I continue to serve because The Aged Woman’s Home of Georgetown presents me with a unique opportunity to be part of a historic institution providing indigent women of the Washington DC Metro area with not only free housing but support, safety, community and dignity for them in their senior years. Working to maintain this unique presence has brought many unexpected benefits, such as seeing our Guests respond to the warmth of an embracing community. Guests have also been able to enjoy new friendships and to reduce their daily level of stress in the peaceful environment at our Home with support from our social workers and Board of Directors. The Home has continued to foster and develop a safe haven for elderly women of all races, creeds, and nationalities to thrive and I am proud to serve that mission.
Jasmine O. Wilson is a proud native of Grenada, Mississippi. Her clinical background is in the area of geriatric mental health and serving as a member of the External Affairs Committee is a part of her coming full circle of pursuing her passion to serve older adults. She obtained her Bachelor of Social Work from Jackson State University, a historically black university in Jackson, Mississippi and earned her Master of Social Work at the University of Pittsburgh in Pittsburgh, PA.
Following her clinical study in Pittsburgh at the Veterans Affairs Pittsburgh Medical Center, she began her career working with several National Institute of Mental Health projects focused on rehabilitative therapy for adults with autism spectrum disorders as well as adults with early course schizophrenia. Upon moving to the District of Columbia she resumed her career at the District of Columbia Government’s Department of Aging and Community Living (formerly DC – Office on Aging) serving older adults and adults with disabilities as a Transition Care Specialist. Through her appointment at the Department of Aging she was able to identify gaps in care and assist with improving the quality of care for DC residents.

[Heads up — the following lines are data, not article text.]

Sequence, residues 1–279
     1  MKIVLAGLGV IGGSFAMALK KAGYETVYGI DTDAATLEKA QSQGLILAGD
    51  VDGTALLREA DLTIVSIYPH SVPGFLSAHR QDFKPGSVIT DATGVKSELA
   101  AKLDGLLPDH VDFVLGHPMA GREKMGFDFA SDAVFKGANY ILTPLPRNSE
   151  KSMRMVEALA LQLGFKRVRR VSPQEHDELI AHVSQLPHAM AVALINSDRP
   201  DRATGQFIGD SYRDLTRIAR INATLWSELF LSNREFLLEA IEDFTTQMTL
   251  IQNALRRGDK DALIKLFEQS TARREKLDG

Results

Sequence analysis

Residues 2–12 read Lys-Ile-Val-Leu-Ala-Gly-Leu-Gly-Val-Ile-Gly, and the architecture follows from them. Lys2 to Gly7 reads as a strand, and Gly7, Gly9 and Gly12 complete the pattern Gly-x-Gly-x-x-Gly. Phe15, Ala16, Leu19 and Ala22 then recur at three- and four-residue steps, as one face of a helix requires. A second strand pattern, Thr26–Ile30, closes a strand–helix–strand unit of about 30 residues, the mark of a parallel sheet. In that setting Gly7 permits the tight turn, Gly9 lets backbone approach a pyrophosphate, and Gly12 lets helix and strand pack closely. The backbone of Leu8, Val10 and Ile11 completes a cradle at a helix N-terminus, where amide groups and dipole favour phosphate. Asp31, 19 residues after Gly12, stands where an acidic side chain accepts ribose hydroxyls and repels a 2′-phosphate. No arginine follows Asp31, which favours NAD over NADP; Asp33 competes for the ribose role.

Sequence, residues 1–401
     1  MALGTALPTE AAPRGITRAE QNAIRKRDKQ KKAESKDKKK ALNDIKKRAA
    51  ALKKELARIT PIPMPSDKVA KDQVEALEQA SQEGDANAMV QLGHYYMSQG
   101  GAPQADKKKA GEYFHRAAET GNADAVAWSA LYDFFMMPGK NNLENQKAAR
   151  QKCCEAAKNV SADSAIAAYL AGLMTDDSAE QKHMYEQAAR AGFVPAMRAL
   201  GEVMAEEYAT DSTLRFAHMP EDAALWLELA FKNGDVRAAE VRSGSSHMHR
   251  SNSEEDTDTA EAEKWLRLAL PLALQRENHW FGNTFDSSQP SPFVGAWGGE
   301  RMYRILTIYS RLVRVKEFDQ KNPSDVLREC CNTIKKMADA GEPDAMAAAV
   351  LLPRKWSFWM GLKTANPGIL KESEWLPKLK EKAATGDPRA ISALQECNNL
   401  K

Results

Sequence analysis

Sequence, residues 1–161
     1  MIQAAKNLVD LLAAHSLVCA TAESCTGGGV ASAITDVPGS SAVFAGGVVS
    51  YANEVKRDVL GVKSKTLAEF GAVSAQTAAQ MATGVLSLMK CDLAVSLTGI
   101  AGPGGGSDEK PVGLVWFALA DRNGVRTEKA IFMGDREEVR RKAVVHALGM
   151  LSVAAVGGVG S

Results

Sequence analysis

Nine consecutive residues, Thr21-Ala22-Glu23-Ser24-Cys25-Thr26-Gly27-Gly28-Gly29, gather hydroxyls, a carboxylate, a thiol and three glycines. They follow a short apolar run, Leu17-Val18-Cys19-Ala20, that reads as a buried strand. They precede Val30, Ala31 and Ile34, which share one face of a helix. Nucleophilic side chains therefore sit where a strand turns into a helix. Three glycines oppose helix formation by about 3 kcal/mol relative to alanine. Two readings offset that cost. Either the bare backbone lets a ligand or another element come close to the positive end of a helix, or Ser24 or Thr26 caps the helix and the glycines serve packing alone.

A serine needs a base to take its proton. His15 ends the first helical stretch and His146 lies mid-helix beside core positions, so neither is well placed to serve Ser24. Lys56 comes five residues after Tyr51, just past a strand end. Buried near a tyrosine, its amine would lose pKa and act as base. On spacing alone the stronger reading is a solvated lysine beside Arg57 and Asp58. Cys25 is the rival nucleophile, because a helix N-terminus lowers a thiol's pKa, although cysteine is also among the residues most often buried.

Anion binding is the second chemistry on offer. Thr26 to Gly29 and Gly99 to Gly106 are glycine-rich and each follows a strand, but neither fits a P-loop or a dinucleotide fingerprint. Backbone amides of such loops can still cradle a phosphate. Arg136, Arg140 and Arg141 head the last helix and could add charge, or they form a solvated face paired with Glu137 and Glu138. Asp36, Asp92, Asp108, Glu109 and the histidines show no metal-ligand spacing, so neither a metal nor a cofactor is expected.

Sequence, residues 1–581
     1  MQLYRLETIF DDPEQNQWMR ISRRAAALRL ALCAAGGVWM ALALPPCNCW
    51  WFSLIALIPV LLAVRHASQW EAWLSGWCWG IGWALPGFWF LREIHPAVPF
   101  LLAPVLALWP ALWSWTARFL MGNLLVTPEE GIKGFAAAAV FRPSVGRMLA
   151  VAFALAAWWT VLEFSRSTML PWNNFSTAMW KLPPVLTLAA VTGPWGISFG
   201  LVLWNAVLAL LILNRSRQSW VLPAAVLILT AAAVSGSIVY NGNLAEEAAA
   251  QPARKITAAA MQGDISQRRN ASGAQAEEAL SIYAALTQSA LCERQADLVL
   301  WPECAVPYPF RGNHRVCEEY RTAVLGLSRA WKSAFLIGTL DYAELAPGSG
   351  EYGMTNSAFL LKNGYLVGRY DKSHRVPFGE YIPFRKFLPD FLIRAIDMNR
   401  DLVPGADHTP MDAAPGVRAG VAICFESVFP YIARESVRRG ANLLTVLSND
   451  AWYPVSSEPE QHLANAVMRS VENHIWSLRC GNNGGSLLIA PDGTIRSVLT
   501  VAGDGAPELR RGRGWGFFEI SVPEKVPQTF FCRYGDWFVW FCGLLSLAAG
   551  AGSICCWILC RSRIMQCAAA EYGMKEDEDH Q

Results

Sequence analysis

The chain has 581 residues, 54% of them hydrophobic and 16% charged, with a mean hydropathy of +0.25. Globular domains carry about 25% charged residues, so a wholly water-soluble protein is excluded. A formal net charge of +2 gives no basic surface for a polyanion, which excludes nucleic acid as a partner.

Jasmine has served as a resource expert and catalyst on both the local and state level for initiatives that support the continued well-being of older adults and their caregivers. One of her proposals, The Life Changes Grief Project , won her the Department of Aging’s Innovation Award and was a catalyst to addressing the gap in mental health services for older adults in the District of Columbia. The proposal led to geriatric mental health services in the District of Columbia Government’s contracted wellness centers with the purpose of being another bridge for seniors to community mental health. Her passion for geriatrics continues to lead to championing age-friendly, culturally competent, and psychoeducational initiatives for older persons of color and new caregivers.